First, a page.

cardinals logo square

The poor, downtrodden Cardinals receive a bonus pick in next year’s draft thanks to the Competitive Balance Lottery

53 Comments

The Competitive Balance Lottery gives clubs with the 10 lowest revenues and in the 10 smallest markets the opportunity to obtain additional draft picks through a lottery. The picks are made after some weighting is applied based on winning percentage (i.e. the best teams in the lottery have lower chances of being drawn) and six are given additional draft picks immediately following the first round of next year’s draft. Sort of like the old sandwich picks. The remaining teams are then drawn for six more slots following the second.

Today that lottery was held and here are the winners:

source:

Congratulations to the Cardinals for bucking the odds. Yes, St. Louis is one of baseball’s smallest markets, but the Cardinals also happened to be the reigning N.L. pennant winners, so they had the worst odds of being picked.

An odd system, though. One that assumes the smallest market or smallest revenue teams are those in most need of extra help in the draft. That’s clearly not the case. Especially when you consider that the draft represents a very low percentage of a team’s overall outlay for talent and thus is one place where low revenue/small market teams are least disadvantaged compared to their bigger richer peers.

Maybe more annoying about this, though, is that it’s a lottery in the first place. Major League Baseball has a habit of turning things that should be straightforward — overturning calls; aiding poor teams — into contests and games. A lot of calls are being missed and replay is needed? Let’s add strategy and game show rules to the process! Competitive balance is an issue? Let’s address it through a lottery! The All-Star Game is less competitive? Let’s turn it into a contest to decide home field advantage in the World Series!

If you actually think something is a problem, you solve it in a straightforward manner. If you merely wish to shut up complainers, you condescend with games. That’s what this is.

Here we go: Tim Tebow reports to Mets camp

PORT ST. LUCIE, FL - SEPTEMBER 20: Tim Tebow #15 of the New York Mets speaks at a press conference after a work out at an instructional league day at Tradition Field on September 20, 2016 in Port St. Lucie, Florida. (Photo by Rob Foldy/Getty Images)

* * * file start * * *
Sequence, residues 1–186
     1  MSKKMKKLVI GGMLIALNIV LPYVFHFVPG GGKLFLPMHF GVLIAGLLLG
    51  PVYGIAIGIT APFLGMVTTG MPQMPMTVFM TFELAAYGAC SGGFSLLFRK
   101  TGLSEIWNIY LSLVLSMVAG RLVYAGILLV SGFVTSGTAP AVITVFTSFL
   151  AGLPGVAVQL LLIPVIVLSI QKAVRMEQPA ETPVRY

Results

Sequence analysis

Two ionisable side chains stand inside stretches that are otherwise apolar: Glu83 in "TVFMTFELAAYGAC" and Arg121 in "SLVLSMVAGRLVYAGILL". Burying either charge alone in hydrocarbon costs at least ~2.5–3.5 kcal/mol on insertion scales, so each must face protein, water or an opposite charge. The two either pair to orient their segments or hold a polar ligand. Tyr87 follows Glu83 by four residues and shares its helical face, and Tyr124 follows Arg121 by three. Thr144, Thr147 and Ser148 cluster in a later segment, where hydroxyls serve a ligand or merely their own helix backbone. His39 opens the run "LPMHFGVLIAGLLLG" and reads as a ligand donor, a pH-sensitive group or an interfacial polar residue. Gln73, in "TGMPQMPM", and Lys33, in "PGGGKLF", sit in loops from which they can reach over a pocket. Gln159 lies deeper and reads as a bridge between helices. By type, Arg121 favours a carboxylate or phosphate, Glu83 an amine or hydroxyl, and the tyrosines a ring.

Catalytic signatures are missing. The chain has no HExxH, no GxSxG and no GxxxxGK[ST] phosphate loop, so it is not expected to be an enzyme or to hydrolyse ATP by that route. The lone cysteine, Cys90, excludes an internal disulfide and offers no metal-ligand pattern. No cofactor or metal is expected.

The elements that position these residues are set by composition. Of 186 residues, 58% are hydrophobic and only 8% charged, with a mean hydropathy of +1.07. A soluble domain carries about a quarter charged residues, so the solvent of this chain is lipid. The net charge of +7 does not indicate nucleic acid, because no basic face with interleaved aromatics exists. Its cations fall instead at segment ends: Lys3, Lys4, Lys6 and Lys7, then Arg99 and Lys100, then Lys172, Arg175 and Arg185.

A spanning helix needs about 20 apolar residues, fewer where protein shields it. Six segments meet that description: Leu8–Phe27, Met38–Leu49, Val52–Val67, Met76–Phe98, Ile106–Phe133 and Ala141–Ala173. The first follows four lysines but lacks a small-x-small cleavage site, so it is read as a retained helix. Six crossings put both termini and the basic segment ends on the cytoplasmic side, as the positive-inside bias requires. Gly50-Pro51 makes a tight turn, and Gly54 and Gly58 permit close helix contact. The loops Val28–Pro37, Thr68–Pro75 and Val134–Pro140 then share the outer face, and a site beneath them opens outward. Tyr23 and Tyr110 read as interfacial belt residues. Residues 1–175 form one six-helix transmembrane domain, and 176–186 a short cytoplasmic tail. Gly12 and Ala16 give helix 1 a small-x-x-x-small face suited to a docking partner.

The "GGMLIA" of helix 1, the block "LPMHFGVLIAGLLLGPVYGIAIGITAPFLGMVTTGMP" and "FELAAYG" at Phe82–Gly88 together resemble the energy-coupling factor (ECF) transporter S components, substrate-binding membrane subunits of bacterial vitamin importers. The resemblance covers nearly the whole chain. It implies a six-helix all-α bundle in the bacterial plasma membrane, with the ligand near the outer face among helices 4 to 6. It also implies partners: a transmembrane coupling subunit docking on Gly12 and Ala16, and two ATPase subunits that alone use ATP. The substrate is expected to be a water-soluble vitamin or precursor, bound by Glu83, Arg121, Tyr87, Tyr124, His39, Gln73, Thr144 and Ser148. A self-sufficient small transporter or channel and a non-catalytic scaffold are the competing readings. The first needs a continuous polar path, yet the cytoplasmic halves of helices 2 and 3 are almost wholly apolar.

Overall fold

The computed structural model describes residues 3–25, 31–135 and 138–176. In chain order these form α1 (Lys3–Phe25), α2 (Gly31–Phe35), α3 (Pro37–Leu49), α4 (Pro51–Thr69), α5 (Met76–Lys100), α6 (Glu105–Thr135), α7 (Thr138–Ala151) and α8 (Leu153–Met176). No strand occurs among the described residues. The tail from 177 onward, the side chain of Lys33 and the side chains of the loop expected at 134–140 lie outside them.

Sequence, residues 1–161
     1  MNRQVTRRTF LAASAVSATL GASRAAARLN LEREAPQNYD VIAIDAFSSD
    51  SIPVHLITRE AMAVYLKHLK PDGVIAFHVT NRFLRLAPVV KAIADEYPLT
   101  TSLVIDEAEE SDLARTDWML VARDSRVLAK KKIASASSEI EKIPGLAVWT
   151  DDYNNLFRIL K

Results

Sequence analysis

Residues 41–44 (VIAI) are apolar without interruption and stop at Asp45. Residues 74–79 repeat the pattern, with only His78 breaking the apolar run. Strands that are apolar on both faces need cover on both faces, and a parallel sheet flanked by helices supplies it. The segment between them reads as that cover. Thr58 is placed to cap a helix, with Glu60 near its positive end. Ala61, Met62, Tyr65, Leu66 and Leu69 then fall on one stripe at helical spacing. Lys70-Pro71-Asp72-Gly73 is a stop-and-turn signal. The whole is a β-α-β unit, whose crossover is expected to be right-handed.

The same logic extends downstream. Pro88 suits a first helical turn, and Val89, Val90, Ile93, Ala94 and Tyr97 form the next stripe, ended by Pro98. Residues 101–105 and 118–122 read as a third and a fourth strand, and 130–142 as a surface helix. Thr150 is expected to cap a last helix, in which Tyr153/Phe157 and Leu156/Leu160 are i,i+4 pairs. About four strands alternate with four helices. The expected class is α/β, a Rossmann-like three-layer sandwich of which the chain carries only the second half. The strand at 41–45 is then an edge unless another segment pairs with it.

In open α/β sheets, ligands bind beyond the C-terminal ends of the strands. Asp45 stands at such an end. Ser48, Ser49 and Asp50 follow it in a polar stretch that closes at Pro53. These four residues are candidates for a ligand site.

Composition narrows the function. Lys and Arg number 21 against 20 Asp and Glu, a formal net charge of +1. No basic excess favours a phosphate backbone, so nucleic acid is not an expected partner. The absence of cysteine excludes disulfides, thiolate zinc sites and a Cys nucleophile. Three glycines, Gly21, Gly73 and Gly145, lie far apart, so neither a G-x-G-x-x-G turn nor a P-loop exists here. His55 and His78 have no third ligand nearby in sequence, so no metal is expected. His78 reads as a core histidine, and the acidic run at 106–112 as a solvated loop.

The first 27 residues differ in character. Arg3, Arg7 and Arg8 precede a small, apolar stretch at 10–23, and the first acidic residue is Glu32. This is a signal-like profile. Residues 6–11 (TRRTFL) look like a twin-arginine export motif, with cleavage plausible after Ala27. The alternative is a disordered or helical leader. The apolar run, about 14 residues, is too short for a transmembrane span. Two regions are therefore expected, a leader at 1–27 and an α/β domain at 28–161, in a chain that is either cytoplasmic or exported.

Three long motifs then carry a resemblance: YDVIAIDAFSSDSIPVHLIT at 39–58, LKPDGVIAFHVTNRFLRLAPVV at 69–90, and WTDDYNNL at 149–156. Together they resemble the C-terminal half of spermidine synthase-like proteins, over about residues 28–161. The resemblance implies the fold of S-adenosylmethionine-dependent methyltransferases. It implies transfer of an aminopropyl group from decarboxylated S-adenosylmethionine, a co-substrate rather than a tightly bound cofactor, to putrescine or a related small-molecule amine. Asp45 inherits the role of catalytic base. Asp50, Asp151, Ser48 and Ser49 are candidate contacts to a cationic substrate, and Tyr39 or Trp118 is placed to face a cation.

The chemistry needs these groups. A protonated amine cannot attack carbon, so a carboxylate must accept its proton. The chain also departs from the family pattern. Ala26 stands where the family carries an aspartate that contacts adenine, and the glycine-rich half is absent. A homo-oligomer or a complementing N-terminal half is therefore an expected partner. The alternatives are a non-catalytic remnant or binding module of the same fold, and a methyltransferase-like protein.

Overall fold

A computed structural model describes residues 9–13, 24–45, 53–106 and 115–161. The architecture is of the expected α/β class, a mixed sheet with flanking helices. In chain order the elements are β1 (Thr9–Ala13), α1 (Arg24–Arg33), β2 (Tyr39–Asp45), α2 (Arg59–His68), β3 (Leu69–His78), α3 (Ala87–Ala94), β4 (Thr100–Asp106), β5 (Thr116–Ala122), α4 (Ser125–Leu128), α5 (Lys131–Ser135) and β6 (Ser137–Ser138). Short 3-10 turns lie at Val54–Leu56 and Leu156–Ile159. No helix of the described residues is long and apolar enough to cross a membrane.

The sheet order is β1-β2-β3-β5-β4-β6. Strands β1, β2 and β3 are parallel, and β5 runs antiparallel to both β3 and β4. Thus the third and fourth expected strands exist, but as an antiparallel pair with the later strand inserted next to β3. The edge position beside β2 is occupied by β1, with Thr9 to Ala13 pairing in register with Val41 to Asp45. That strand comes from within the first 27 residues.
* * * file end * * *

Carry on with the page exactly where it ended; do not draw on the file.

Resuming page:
8 Comments

The first few days of spring training have been pretty quiet. Guys are going about their business and games are being played, but we haven’t had any news or controversy or silliness or anything fun like that. That’s about to change, however, as Tim Tebow has arrived at Mets camp.

Tebow, a non-roster invite, arrived at the Mets facility in Port St. Lucie, Florida this morning and, unlike every other non-roster invite, had a press conference. You may be surprised to learn that he’s in great shape, is excited to get going and wants to improve steadily each day.

The plan for Tebow is to be a part of the minor league camp, not the major league one, so he’s not going to be as visible at workouts as you might expect. He will be playing in some major league spring training games, however, at least until we get deeper into spring training, after which you’d assume that veterans and players with a real shot of making the big club will play longer.

In the meantime, you can buy Tebow shirts. But not Curtis Granderson ones, it seems:

It’s spring training for groundskeepers too

screen-shot-2017-02-27-at-8-57-26-am
2 Comments

Or, I should say, it’s spring training for whatever automated timer thingie turns the sprinklers on and off.

This was the scene at Goodyear on Saturday as the Indians and Reds played in the bottom of the eighth in their spring training opener. Reds manager Bryan Price says that this was probably the second or third time this has happened in the middle of a game there.

Maybe investigate manually operating that bad boy? Just a suggestion!